Preference for aromatic rice by consumers is an open secret in the rice sector in Tanzania. But this preference for a distinct scent in rice could be a root cause of stagnating rice production in the country.
Local rice varieties grown by farmers are aromatic but low-yielding (producing only 1.8 tons per hectare on average), a production trend that will in the near future not be able to meet the anticipated demand for rice as population increases and incomes rise in the country.
Despite having productive capacities that are double or triple those of local rice varieties; improved rice varieties have failed to register success in Tanzania because most the improved varieties developed and proposed so far, are either non-aromatic or at best semi-aromatic. Traders say consumers have little interest in buying non-aromatic or semi-aromatic rice and pay very low prices for it.
Getting to the root of the problem
Researchers from AfricaRice (through the Africa RISING project) in partnership with a local NGO, NAFAKA, have been implementing activities aimed at finding the appropriate middle ground for stakeholders involved in the rice value chain in Tanzania. Through the use of various scientific approaches they hope to provide solutions to the impasse that has stifled efforts to increase rice production in the country.
The researchers are first seeking to establish the preferred attributes in rice by consumers and their willingness to pay (WTP) for these attributes. This will be done through experimental auctions to determine the monetary value consumers place on different rice varieties and related reasons. After establishing these reasons, the team will then implement activities to raise consumer awareness about the attributes of rice that can contribute to satisfying some of their nutritional needs. These actions, they believe, will support the yield-improvement efforts currently being conducted to ensure consumers make informed choices about rice products based on other attributes apart from aroma. This work, it is hoped, will open the way for considering policy options to support future improvement of rice quality and for enhancing rice competitiveness and marketing.
Consumers have preferences, but are they willing to pay?
To investigate consumer preferences and willingness to pay (WTP) for various attributes like aroma and grain colour, the team conducted experimental auctions in Morogoro, Tanzania between 13-18 April 2015. The auctions were attended by 131 participants (83% of them women) who were randomly selected from two open air local markets in Mawenzi and Morogoro.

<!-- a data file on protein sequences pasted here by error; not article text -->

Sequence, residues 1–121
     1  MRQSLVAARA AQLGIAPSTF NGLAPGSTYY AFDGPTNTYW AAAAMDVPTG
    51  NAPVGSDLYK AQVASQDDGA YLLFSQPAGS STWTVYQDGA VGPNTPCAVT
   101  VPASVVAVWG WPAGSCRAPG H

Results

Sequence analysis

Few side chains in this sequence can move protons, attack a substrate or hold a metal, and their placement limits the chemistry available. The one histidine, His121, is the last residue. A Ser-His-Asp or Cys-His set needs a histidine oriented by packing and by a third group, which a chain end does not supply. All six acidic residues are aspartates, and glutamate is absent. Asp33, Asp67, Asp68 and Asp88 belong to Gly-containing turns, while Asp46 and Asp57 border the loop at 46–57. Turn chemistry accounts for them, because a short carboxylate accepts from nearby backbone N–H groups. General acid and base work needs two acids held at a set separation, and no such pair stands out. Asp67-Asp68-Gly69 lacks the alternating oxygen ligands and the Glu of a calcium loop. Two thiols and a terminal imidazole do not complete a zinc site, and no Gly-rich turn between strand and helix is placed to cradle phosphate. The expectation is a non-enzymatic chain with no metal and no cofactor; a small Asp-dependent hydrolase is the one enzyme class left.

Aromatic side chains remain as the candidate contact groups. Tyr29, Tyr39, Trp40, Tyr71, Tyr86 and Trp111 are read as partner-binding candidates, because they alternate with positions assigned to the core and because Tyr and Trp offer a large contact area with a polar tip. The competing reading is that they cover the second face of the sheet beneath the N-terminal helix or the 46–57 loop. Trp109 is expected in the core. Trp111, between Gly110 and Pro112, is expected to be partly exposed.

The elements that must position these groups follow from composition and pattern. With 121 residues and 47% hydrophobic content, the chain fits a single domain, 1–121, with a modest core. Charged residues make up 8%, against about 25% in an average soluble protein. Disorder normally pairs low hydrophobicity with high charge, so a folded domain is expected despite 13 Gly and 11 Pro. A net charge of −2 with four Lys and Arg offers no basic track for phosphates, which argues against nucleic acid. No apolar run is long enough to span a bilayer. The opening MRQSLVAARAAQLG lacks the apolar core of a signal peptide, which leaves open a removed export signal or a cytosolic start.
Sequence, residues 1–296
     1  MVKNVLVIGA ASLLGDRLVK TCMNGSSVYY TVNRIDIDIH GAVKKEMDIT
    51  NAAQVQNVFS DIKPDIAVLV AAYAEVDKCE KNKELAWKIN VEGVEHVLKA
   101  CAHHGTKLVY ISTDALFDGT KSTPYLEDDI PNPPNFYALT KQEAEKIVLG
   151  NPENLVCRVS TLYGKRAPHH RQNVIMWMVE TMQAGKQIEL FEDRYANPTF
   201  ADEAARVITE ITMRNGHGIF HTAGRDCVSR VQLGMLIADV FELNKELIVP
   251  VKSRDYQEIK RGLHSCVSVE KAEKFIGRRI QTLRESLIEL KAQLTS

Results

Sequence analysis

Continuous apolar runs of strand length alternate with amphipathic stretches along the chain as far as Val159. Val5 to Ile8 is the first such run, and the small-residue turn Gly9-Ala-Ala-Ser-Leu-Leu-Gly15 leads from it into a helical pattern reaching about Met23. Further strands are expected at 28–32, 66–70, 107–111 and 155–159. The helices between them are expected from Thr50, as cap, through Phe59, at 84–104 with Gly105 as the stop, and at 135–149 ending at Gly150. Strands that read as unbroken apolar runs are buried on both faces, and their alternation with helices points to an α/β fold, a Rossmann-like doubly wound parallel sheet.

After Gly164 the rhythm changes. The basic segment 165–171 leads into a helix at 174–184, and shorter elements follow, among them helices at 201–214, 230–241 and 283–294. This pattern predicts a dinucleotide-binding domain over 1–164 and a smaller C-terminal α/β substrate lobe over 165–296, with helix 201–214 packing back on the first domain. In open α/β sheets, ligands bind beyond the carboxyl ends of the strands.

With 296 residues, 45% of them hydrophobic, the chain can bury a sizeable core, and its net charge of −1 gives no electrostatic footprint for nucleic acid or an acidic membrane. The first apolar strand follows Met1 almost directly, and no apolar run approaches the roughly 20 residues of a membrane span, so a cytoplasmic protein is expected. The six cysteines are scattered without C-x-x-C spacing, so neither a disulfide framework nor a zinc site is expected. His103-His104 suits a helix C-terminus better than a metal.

During the experimental auctions, four rice samples were assessed. These included two local varieties: SupaKyela, a variety widely known by consumers, and Mbawambiri, a variety that is grown by many farmers but remains largely unknown in the market. The third sample was an improved aromatic rice variety (IR05 N221) that is prone to a comparably higher breakage rate and the fourth was the low quality rice in terms of visual appearance resulting from poor post-harvest handling. This fourth variety was used as the benchmark.
The structure used in experimental design was the Vickery 2nd auction within which a winner who proposes the highest price pays the second highest bid. Nine sessions were held; each session included 15 participants (except for the first session that comprised 11 participants). In each session, four rounds of assessing consumer’s willingness to pay were conducted including three individual trials and a collective round. The individual trials involved the assessment of the WTP by each participant of the uncooked rice, the cooked rice and a final individual assessment after the collective round. The collective round involved a discussion and consensus on the willingness to pay by the group made of randomly assigned participants.
Results from experimental auction show that the local aromatic rice varieties were preferred to the benchmark rice. In addition to the benchmark rice price of TShs 1,500 (USD 0.65)/kg, for uncooked rice, the WTP for these local aromatic varieties varied between TShs 455 and 496/Kg implying that the consumers can on average pay close to Tshs 2000/Kg on local aromatic varieties.
But participants expressed less preference for the improved aromatic rice due to the high percentage of broken grains. The average willingness to pay for this improved variety was negative. The above trends were observed throughout the sessions although the willingness to pay values tended to increase after tasting the cooked rice; in fact 54% of the respondents changed their preference after tasting the rice. Discussions in groups which enable the participants to exchange knowledge and perceptions also influenced the auction outcomes; the WTP above the benchmark price for Mbawambiri declined to TShs 430 TShs/kg whereas for SupaKyela the WTP slightly increased toTShs 509/kg.
Overall, aroma is still the key determinant of preferences; however, it is important to note that consumers want rice without a high percentage of broken grains. Variation in appearance can be tolerated to some extent because some dishes like pilau mask the colour of rice. Taste ranks high as a key determinant of repeated consumption. Follow-up experiments will be conducted to confirm the above results. A key message for rice sector stakeholders from the auctions is that growing aromatic varieties is not sufficient. In addition, good milling qualities followed by proper post-harvest handling will give rice producers and traders a niche in the market based on existing consumer preferences.
By Gaudiose Mujawamariya (AfricaRice) with contributions from Jonne Rodenburg, George Mgendi, Esther Achandi, Eyram Amovin-Assagba and Elisha M. Mkandya